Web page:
From Our Readers
May 18, 2014 1:35 pm

I often find myself wondering why the phrase “female comedy” even exists. It seems that we tend to compare female comedians to popular male comedians. Sure, men and women are different, and one can argue that they find different humor in every day life. So why do we keep pinning hilarious movies such as “Bridesmaids” up against male-dominant casts, declaring it the “female version” of “The Hangover.” Why does it have to be a version of anything? If you ask me, I think “Bridesmaids” is capable of standing on its own two feet. There is no rule saying that only girls or boys can think certain movies are funny. “I don’t think there’s a thing called women’s comedy —I think it’s just all comedy” says Parks & Recreation star Amy Poehler.  The purpose of making people laugh is just that, there is no gender role attached to laughing.

“Are women as funny as men?” is the question every female comedian, actress, or writer gets asked in interviews. I mean c’mon, it’s 2014. Let’s also stop asking Kate McKinnon and Lena Dunham how hard it is to get respect in the “man-eat-woman” world of comedy. It’s been done before. Instead let’s inquire about their art and how they’ve worked hard to be successful, without making any comparisons. I would rather read about what they had for lunch than read another article about how hard it is working in a man’s world. Although women are still not getting paid equally, I think society has made some progress for women in male dominant work places.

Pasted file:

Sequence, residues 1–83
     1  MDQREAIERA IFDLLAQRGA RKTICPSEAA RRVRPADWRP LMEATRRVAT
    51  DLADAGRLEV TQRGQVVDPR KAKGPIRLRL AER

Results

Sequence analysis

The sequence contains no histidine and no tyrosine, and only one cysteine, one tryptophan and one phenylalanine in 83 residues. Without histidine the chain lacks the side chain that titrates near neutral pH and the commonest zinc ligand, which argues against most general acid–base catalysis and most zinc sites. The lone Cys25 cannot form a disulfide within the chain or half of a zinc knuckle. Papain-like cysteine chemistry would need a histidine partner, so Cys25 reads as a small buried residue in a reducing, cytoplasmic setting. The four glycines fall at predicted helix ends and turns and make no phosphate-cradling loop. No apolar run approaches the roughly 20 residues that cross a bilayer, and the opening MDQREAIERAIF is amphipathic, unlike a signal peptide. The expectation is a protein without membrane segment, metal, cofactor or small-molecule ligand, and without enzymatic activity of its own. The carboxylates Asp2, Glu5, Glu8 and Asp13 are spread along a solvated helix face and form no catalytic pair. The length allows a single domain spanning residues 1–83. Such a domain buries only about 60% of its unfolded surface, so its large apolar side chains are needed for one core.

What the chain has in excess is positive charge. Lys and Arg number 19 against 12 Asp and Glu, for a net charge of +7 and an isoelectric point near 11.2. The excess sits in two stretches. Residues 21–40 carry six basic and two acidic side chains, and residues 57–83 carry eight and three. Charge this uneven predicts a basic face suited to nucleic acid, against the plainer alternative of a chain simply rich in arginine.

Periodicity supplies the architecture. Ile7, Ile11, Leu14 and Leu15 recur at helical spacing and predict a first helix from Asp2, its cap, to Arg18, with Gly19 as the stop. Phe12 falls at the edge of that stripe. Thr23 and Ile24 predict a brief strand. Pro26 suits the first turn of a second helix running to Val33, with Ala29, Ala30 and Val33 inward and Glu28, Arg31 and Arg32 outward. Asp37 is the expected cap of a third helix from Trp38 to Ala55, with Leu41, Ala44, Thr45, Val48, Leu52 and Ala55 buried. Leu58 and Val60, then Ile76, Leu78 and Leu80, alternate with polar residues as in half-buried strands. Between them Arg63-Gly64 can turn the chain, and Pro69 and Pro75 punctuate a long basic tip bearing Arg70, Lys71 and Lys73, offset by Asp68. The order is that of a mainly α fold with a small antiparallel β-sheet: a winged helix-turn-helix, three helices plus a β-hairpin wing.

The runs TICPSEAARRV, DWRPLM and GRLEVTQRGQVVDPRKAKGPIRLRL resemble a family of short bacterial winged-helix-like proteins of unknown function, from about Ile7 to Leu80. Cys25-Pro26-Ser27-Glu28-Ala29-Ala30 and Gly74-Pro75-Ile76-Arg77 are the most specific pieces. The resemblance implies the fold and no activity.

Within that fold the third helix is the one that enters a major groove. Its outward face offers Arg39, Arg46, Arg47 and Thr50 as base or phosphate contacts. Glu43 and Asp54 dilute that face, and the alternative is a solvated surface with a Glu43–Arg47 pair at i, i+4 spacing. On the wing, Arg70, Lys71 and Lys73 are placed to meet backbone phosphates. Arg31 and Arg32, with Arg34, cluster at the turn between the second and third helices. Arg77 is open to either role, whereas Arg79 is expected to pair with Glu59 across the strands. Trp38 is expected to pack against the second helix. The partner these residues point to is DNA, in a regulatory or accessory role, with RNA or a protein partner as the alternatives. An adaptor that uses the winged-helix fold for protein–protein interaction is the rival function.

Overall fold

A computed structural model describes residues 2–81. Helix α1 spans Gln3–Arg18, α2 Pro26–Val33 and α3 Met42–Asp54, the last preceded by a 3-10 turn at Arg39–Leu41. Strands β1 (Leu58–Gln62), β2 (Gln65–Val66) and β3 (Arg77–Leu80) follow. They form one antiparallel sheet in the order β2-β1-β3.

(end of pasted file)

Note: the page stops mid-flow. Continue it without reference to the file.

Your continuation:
Female comedians, leading actresses, and women-dominant writers rooms are becoming increasingly common. So why are comedians who happen to be female still labeled as female comedians? Men are just comedians, mind you. Abbi Jacobson and Ilana Glazer, stars of the hit show Broad City on Comedy Central often get compared to other funny female duos. “I don’t think we need to be the ‘next’ anything… People love to compare and come up with the next so and so, but there can be more than two women in comedy — in fact there are many, many, many more!” Jacobson states.
To tell you the truth, these queens of comedy don’t care what anyone think and they sure as hell don’t find their gender limits their opportunities. Tina Fey nailed it when she said: “The only disadvantage women have is to keep f******* answering the questions of: Is it hard and are women funny? The men don’t have to answer that question, that’s only impairment.” So let’s do everyone a favor and drop the labels. Let’s let funny women just be funny people.
Megan Sweet is currently a student a Michigan State University, and a contributing writer for Her Campus Media. She is an aspiring screenwriter and hopes to one day write for a comedy series. Check out her Buzzfeed posts (megansweet57) and follow her on Twitter & Vine: @megansweet57
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